For many, a summer stuck in quarantine has resurrected a connection with nature. With no commitments, get-togethers, or places to be, we’ve found the outdoors to be the only place open. The outdoors offers a chance to breathe, finally free from the confines of our small DC dwellings. We welcome the fresh air (with masks on in the presence of others, of course). And my family hasn’t been immune to the desire to be outside during this very weird time.
But it seems that everyone has the same idea. To deter overcrowding, the mayor shut down many roads running through Rock Creek Park and other DC parks during the week. Trails just outside of DC are busy—so much so, my husband and I found ourselves almost in a single-file line on one, trying our best with two toddlers to keep 6 feet apart to pass on through. And so, the hunt for kayaks began.
We’ve been saving for years, dreaming about owning our very own kayaks. We love renting at boathouses in DC, but the idea of being able to take a kayak anywhere is adventurous! And when the very nice spring weather hit DC this year, we decided to jump in and outfit ourselves with kayaks.
But it wasn’t that easy. Lots of people decided to take to the water to avoid crowded trails. Kayaks were actually sold out everywhere! We swallowed our disappointment by ordering them anyway, expecting them to arrive in mid-September. To our surprise, they arrived a month earlier than expected on our tiny one-way street in a giant truck just for us!
And so, on a drizzly Saturday morning in August, we headed over to Bladensburg Waterfront Park with our kayaks strapped tightly to the top of our car. When we arrived at the park, the clouds parted and the sun shone brightly. It was a sunny, hot August day—my favorite kind of weather.
Rowers were in the water when we arrived. My husband carried our two kayaks to a dock while I watched our little boys by the sidewalk. We quickly got everyone suited up for a paddle, and we were on our way. I was shocked by how quickly we got into the water once we arrive. It couldn’t have been any easier. And everything with two little kids is usually super hard.
Our first wildlife sighting was a turtle swimming by the dock. I absolutely adore turtles, so I knew we were off to a great start. After spotting the turtle, however, my son pointed out litter. It turned out that our paddle would reveal a lot more litter than the little bit we saw at first. This is a problem all along the Anacostia River, and something we noticed a lot at Bladensburg Waterfront Park. We need to do better for the environment.
With rowers racing nearby, we were advised to stay along the shore. That was fine with us—it was a great place to spot turtles sunning themselves on logs. They often jumped off as we approached. It was so fun to see their different sizes. We certainly saw a lot of babies!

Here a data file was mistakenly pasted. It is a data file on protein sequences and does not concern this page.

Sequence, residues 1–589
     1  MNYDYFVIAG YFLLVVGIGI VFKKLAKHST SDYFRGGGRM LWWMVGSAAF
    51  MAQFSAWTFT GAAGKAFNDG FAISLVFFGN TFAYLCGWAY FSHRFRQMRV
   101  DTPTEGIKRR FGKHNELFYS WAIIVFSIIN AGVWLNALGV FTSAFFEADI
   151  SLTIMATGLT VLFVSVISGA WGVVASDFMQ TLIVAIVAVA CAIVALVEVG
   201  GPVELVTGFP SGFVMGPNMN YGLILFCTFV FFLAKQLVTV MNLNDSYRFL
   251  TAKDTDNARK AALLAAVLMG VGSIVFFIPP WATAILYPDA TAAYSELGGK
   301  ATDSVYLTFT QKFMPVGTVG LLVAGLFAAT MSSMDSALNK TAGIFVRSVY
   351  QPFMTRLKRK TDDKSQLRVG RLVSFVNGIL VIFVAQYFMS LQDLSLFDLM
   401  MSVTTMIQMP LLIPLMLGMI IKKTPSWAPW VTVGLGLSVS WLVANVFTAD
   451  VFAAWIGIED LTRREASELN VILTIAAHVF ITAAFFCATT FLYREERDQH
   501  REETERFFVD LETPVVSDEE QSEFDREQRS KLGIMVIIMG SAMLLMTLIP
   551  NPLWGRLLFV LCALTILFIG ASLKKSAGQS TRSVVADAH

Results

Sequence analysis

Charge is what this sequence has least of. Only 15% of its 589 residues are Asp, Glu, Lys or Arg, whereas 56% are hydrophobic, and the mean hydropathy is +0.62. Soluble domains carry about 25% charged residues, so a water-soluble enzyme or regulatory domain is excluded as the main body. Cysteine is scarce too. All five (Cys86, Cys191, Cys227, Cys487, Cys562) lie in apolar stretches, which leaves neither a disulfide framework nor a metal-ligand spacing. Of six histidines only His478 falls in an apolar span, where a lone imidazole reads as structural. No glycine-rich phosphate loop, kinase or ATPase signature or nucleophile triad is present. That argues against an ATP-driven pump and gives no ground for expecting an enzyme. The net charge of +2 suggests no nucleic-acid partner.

My husband had our 3-year-old in tow; I had our 13-month-old. My baby was actively trying to jump into the water, so I patiently pointed out different things to him to keep him engaged. We saw a big blue heron and vultures, as well as a few other birds. He also enjoyed waving to those fishing along the riverbank. I kept repeating my own version of lines from my son’s favorite book Baby Bear, Baby Bear, What Do You See? by Bill Martin, Jr. and Eric Carle: Blue heron, blue heron, what do you see? I see a kayaker looking at me!
I sat back while he drank a bottle thinking about the last time I was in a kayak. It was just a few days before he was born the summer before. Times certainly have changed since then!
After an hour or so on the water, we paddled to shore and hopped out of our boats, avoiding the goose poop on the dock as best we could. My husband carried the boats over his head to the car while I fussed with the kids, handing out snacks, changing a diaper, asking my 3-year-old if he had to go potty. I wanted to help my husband, but it turns out that when you have little kids to watch, it’s difficult to carry kayaks and watch the kids at the same time. So I was grateful that he could carry them himself!
Bladensburg Waterfront Park has more than a boathouse. There’s a paved trail along the Anacostia River where people were running and biking. We also found an empty playground with a large grassy area nearby. We took the kids to the playground to celebrate a successful day on the water and our very first family paddle during a global pandemic.
A connection with nature can mean many things: hiking, biking, running, paddling, going to a playground. Share your favorite ways to connect with nature in the comments below.